Oil Edges Lower as U.S. Stockpiles Surpass expectations.
Oil futures edged lower on Wednesday, extending losses from the previous day, after U.S. crude stockpiles grew more than expected, adding to worries about oversupply, although a fall in gasoline stocks kept the decline in check.
Brent crude was down 2 cents at $42.61 a barrel by 0045 GMT, while U.S. West Texas Intermediate (WTI) crude futures fell 4 cents, or 0.1%, to $40.33 a barrel.
U.S. crude inventories rose by a much bigger than expected 1.7 million barrels last week, according to industry group the American Petroleum Institute (API), well ahead of analysts’ expectations for a 300,000-barrel build.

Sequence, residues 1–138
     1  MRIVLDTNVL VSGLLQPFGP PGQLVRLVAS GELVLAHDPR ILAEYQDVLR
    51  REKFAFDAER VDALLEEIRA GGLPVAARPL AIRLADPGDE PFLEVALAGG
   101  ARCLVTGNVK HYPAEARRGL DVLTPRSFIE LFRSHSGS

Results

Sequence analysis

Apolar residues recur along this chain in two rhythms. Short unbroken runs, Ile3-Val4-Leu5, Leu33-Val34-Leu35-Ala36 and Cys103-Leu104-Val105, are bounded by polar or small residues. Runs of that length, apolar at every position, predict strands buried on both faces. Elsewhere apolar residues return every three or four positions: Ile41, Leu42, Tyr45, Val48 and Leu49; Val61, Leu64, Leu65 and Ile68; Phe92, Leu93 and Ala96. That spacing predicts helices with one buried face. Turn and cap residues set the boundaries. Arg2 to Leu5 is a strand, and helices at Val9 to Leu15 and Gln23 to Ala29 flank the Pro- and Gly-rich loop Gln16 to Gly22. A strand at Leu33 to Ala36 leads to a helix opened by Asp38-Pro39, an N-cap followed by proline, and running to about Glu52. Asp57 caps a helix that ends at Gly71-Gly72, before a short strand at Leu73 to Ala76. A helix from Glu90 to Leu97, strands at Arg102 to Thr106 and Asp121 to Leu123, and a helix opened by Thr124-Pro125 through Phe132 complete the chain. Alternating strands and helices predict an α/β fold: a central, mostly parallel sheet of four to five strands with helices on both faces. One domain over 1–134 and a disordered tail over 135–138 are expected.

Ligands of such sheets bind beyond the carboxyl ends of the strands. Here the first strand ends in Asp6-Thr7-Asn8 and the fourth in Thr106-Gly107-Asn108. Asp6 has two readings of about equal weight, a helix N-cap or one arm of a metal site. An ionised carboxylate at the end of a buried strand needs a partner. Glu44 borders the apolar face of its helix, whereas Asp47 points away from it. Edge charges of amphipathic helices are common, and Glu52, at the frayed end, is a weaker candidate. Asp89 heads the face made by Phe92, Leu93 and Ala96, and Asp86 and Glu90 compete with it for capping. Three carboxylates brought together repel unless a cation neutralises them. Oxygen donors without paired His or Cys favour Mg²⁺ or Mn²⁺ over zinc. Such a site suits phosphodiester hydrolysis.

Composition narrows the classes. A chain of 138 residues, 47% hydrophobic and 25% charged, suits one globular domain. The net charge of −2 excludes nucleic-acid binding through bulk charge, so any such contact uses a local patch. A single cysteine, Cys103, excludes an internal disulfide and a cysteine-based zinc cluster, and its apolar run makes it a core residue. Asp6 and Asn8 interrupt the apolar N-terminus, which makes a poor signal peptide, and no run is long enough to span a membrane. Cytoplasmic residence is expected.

However, U.S. gasoline and distillate inventories fell, the data showed, feeding optimism that fuel consumption is picking up as some economies ease lockdowns imposed to contain the coronavirus pandemic.
Global oil consumption has started to recover as economies emerge from lockdown, while the Organization of the Petroleum Exporting Countries (OPEC) and allied producers have slashed output and U.S. shale producers have shut in wells.
On Tuesday, both Brent and WTI contracts traded at their highest levels since prices collapsed in early March.
Still, the market remains concerned about a rising number of coronavirus cases in the United States and elsewhere, said Kazuhiko Saito, chief analyst at Fujitomi Co.
New cases of COVID-19 rose 25% in the United States in the week ended June 21 compared to the previous seven days, a Reuters analysis found.
China, the world’s top crude importer, is also expected to slow crude imports in the third quarter, after record purchases in recent months, as higher oil prices hurt demand and refiners worry about a second virus outbreak.